Biden's victory means ACA isn't doomed — impending SCOTUS challenge threatens survival

Biden's victory means ACA isn't doomed — impending SCOTUS challenge threatens survival
© Greg Nash

For four years, President TrumpDonald John TrumpPennsylvania Supreme Court strikes down GOP bid to stop election certification Biden looks to career officials to restore trust, morale in government agencies Sunday shows preview: US health officials brace for post-holiday COVID-19 surge MORE variously described the Affordable Care Act (ACA) as a “disaster” or even “dead.” Despite pledges creating a replacement plan, promises that became more frantic in the run-up to the election, no such alternative ever surfaced. Meanwhile, the Trump administration administratively chipped away at aspects of the ACA, much of which can now be swiftly reversed by the incoming Biden administration. 

Trump attempted to gut Medicaid by approving work requirements and block grants, stiffed insurers under statutory mandates to support the individual market, increased friction for those interested in marketplace coverages, and confused consumers by promoting “junk” insurance plans. 

Zero progress was made in dealing with the spiraling costs of health care, particularly prescription drugs, the growing problem of underinsurance, and out-of-network “surprise” billing. A Biden presidency should mark a swift end to those dismantling tactics as well as the destructive escalations that were, no doubt, planned to follow. However, the survival or at least long-term health of the ACA is a long way from guaranteed, with the conservative Supreme Court and a still-divided Congress standing in the way.


First up is the ongoing constitutional challenge to the ACA. Oral arguments are scheduled before the Supreme Court today. Initiated by a group of Republican states, and then, contrary to usual norms, supported by the Department of Justice, the case seeks to reverse the Supreme Court’s 2012 finding of the ACA’s individual mandate's constitutionality, based on the taxing power of the government. Let’s assume that the Chief Justice can wrangle his new right-leaning court into a compromise decision that retains the law's key provisions. Even then, the ACA and, more importantly, U.S. health care policy, is far from being on a positive trajectory.

The ACA did wonders for health care access, primarily by expanding Medicaid beyond the extremely poor and subsidizing the individual market. However, there is still legislative work to be done to shore up its coverage. Fourteen states, including those with large populations such as Florida, Georgia, North Carolina, and Texas, still have not expanded their Medicaid coverage. Congressional action will be needed to incentivize their participation by reinstituting the 100% federal funding match. Fortunately, the incoming Secretary of Health and Human Services will have extensive regulatory and waiver authorities. Whether time-limited to the pandemic or not, the Secretary will have the power to liberalize many of the Medicaid restrictions, allowing states to improve their safety nets.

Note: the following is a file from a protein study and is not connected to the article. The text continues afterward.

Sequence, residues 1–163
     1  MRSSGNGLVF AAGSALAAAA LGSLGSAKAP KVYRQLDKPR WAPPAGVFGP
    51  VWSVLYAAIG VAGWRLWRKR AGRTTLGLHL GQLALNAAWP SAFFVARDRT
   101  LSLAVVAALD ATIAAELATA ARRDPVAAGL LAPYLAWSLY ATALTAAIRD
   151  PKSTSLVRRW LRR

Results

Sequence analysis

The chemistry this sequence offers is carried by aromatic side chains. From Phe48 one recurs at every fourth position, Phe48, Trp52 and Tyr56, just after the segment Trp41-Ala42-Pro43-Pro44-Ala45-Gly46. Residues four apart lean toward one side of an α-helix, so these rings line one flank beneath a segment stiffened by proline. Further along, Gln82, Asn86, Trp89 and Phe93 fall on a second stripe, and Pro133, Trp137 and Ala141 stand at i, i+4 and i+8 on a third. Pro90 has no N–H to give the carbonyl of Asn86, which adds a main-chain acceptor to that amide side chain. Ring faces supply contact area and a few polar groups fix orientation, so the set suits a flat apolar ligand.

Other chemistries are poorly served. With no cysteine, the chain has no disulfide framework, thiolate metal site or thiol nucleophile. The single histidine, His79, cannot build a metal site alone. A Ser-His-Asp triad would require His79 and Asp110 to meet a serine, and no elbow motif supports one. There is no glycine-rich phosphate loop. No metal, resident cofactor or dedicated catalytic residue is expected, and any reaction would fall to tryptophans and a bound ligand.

January should bring a flurry of regulations reversing some of the more egregious Trump regulatory actions. These should include reestablishing the ACA’s anti-discrimination protections for prejudice based on sex stereotyping and gender identity, re-regulating “skinny,” short-term, and association health plans, re-banning nursing home arbitration clauses, and removing the Title X gag order. Other, swifter changes will be achieved through simple policy changes, such as dropping existing litigation or reinstituting cost-sharing subsidies.

The ten years since the passage of the ACA have seen little progress in the legislation’s authors’ stated goal of care being “affordable.” Health insurance premiums continue to increase while their actuarial values decrease, reallocating more costs to patients through deductibles and copays. Hospital and drug costs continue to increase at a rate far beyond that of “normal” inflation. 

Nevertheless, practical reforms can be made to reduce patient costs. After cleaning up the regulatory mess left by the Trump Department of Health and Human Services, there may be space for some ACA tweaks, such as drug formulary waivers from the Center for Medicare and Medicaid Services. Other changes designed to improve the long-term health of the ACA, such as a “public option," will require legislation, and so will require the cooperation of a still divided Senate.

The election of President-Elect Biden means that, if the ACA survives its Supreme Court challenge, the constant barrage of incoming attacks on the law should be weakened considerably. The Biden-Harris ticket made several campaigns promise to strengthen the law, and there are administrative tools they can use to shore up coverage. If the Supreme Court critically injures the ACA, it will create even more pressure on Congress and the new administration to resuscitate it, ensuring the law lives up to its stated ideals of granting affordable coverage for all.

Nicolas P. Terry, LLM, is the Hall Render professor of law and the executive director of the William S. and Christine S. Hall Center for Law and Health at Indiana University Robert H. McKinney School of Law